Out of all of Oklahoma’s problems, dealing with the threat of non-citizens casting votes in Oklahoma elections seems like it would be pretty low on the list, somewhere between establishing truck nut tax subsidies and noodling safety regulations. Nevertheless, some Oklahoma lawmakers are hard at work protecting us from issues that don’t matter.
Via OKC Talk’s news partner, KFOR:
Lawmakers in the House are considering a bill which would verify how many registered voters are legal citizens.
House Bill 3341, authored by Rep. Sean Roberts, R-Hominy, would allow the Secretary of the State Election Board to compare state and federal databases for the purposes of seeing whether there are non-citizens registered as voters…
Under the bill, voters who are not citizens would not be prohibited from voting, but they would be turned over to the district attorney’s office for their county.
When the bill was initially drafted, it required anyone registering to vote or showing up to polls to bring documents proving their legal status; however, it was amended.
“We worked with the Election Board to prevent any lawsuits,” Roberts told News 4. “Other states have done similar things where they require citizenship up front, and we’re just trying to avoid all that.”
Wow. That’s awesome! Screw the fact that teachers can’t get a raise, prisons are overflowing, or that our state is being run into the ground by religious zealots, racists and corporate oil cartels – we need to take care of those pesky not-citizens who register to vote! They’re the real problem!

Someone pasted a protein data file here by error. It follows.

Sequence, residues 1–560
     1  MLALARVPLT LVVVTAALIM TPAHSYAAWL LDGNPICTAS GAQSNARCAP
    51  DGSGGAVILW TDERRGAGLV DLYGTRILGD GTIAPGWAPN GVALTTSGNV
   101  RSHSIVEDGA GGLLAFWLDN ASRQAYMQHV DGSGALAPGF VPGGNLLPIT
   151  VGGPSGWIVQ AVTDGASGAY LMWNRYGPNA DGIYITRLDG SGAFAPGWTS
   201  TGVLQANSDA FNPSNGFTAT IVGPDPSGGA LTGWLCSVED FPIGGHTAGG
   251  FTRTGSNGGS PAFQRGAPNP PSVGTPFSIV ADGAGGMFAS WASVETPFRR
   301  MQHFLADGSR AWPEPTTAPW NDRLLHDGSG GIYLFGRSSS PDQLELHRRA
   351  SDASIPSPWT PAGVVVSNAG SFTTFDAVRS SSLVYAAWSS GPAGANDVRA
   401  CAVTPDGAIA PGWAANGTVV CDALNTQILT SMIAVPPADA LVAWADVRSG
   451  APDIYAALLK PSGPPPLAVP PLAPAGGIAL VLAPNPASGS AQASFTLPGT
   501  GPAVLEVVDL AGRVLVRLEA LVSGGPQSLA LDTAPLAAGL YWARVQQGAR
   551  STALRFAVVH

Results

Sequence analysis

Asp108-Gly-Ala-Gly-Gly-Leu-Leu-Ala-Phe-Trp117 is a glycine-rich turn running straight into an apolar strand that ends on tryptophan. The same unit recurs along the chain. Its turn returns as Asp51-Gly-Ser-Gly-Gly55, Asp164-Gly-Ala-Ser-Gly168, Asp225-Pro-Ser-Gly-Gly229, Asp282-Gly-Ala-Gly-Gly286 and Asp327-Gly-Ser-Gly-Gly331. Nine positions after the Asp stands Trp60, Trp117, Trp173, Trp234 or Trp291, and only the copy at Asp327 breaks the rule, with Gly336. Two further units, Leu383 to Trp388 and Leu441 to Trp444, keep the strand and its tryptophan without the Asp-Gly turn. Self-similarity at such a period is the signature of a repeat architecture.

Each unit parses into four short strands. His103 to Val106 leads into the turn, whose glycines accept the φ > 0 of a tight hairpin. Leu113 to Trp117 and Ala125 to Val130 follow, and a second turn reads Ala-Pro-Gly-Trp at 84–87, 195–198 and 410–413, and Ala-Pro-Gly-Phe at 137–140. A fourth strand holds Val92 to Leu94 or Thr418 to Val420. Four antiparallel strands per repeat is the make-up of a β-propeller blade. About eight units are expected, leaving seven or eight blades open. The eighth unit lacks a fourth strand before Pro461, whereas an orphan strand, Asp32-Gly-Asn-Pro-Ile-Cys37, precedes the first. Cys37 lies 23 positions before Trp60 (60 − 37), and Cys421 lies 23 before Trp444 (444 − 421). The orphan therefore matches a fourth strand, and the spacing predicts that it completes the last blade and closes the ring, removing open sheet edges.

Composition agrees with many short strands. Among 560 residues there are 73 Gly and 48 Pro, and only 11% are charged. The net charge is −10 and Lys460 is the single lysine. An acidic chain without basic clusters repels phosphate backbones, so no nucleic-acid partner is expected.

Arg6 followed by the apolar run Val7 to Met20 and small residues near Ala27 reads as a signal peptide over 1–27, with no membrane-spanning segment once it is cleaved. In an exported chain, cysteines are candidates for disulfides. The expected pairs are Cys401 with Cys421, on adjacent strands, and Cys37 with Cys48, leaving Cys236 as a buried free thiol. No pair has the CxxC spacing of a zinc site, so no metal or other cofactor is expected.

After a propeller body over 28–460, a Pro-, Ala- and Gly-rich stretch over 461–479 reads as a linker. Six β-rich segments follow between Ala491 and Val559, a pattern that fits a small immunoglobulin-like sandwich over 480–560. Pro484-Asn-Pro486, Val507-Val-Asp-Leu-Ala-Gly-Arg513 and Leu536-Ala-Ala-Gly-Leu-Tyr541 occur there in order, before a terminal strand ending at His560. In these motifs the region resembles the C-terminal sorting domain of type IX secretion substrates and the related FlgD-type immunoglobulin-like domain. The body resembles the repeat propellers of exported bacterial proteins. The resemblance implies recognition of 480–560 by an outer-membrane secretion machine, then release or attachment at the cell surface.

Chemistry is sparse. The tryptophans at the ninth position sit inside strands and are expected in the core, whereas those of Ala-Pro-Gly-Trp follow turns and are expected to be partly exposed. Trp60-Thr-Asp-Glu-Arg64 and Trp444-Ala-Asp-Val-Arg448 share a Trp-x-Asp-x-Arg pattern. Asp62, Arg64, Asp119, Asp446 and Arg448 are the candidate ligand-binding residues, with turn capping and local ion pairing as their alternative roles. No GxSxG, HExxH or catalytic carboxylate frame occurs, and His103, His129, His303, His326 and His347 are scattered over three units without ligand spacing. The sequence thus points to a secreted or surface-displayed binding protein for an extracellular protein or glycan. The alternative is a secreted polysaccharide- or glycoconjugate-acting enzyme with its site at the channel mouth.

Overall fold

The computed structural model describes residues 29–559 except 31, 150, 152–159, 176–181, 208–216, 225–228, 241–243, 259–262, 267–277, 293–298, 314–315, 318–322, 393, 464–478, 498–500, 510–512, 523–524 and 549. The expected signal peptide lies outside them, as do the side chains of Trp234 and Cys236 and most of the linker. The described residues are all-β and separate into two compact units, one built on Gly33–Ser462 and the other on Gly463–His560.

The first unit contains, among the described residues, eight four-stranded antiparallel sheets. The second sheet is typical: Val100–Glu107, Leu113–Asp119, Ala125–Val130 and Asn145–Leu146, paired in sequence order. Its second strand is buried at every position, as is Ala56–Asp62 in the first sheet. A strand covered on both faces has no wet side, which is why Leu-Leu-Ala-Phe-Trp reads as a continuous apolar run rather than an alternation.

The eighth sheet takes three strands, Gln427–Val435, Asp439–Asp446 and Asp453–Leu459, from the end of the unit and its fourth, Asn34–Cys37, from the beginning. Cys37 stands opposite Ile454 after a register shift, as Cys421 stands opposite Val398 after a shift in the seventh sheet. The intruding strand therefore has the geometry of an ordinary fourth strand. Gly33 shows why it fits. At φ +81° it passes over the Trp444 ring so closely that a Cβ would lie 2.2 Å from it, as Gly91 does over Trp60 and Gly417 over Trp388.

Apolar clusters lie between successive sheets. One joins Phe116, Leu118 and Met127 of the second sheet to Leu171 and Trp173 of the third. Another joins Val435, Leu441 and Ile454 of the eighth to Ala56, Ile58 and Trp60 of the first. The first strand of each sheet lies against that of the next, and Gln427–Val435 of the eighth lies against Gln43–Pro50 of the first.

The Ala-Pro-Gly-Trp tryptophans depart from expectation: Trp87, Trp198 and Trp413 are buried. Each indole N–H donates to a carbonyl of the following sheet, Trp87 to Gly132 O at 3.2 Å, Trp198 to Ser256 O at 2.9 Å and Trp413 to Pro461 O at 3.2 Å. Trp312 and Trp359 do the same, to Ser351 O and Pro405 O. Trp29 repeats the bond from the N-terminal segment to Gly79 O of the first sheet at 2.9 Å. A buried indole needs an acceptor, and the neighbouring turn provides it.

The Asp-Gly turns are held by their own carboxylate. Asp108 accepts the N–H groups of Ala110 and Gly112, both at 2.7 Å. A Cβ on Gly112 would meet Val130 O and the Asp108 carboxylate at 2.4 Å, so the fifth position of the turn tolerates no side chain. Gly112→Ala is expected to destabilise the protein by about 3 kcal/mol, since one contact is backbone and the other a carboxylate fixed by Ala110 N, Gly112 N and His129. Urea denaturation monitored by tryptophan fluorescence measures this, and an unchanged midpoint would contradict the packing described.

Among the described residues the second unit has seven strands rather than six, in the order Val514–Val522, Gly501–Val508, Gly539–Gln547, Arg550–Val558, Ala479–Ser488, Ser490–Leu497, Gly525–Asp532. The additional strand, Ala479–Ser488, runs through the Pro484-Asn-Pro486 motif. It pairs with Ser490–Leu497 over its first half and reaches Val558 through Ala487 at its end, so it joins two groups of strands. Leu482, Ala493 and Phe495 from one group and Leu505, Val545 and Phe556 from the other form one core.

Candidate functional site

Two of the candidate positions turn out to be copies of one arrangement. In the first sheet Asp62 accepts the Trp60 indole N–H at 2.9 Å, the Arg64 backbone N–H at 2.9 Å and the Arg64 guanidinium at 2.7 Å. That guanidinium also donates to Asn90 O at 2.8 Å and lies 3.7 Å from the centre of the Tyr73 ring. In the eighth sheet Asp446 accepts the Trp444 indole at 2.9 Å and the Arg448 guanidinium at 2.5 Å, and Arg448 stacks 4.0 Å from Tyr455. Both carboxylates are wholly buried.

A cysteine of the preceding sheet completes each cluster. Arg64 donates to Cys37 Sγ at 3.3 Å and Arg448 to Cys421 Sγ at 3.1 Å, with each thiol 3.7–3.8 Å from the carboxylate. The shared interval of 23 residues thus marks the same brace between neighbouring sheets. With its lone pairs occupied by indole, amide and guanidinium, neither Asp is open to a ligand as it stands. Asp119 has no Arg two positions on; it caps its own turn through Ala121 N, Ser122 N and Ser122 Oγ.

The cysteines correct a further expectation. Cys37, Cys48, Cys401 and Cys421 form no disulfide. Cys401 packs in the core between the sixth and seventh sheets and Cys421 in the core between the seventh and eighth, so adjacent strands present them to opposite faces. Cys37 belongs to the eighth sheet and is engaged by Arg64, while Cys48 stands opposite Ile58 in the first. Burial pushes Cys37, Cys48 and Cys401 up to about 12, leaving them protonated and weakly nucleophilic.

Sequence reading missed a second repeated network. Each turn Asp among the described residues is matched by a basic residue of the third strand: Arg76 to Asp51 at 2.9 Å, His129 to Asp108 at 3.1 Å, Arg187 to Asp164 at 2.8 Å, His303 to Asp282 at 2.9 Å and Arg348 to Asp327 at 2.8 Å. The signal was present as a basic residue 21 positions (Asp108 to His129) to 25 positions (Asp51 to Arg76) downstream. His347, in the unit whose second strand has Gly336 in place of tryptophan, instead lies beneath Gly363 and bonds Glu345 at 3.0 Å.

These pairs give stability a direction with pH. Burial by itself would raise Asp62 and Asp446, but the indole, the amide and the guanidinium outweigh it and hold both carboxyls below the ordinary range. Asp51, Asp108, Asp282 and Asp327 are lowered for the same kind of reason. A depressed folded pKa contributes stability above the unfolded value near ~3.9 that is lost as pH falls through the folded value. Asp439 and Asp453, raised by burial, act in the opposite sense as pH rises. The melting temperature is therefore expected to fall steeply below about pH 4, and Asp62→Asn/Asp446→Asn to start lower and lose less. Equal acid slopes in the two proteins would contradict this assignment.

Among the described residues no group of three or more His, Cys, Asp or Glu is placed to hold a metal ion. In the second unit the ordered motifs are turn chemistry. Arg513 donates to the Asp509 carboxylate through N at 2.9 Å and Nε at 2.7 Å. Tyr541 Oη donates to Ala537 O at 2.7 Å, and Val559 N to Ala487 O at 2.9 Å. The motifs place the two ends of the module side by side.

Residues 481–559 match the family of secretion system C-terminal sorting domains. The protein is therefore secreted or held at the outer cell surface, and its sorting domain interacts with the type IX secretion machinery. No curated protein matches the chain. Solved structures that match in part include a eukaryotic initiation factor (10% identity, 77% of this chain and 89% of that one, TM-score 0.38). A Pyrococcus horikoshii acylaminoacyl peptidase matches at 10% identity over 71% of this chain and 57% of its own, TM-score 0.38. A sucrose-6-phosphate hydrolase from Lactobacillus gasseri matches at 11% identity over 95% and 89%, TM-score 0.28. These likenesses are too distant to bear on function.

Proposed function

That being said, before we tackle this very important issue, maybe we should first make sure that our voting machines work and local precincts have the correct ballots:
Via Tulsa’s KTUL:
There were a number of issues in yesterday’s election in Muskogee. A broken machine and incorrect ballots gave election board officials fits throughout the day.
We got a peek inside the booth where votes wait to be counted.
“In my everyday life I try and learn something new every day,” says Election Board Secretary Kelly Beach. “Whether that be an entirely different subject or the one I’m involved in now in running elections. And yeah, it was a learning moment. A lot of things go on during the day. Phones are ringing, precincts are calling because people show up to the wrong precinct.”
Enough people showed up to vote in one polling place but they were running out of ballots.
“Ballots were taken out there before they ran out,” Beach says. “And it just so happened that the machine did its job and started rejecting ballots.”
They were rejected because they were for the wrong precinct…
“There were some delays,” he says. “There were some people that didn’t get to vote, but I think the majority of those people just stuck around and waited.”
Wow. They didn’t get to vote? That’s a relief. They were probably non-citizens anyway.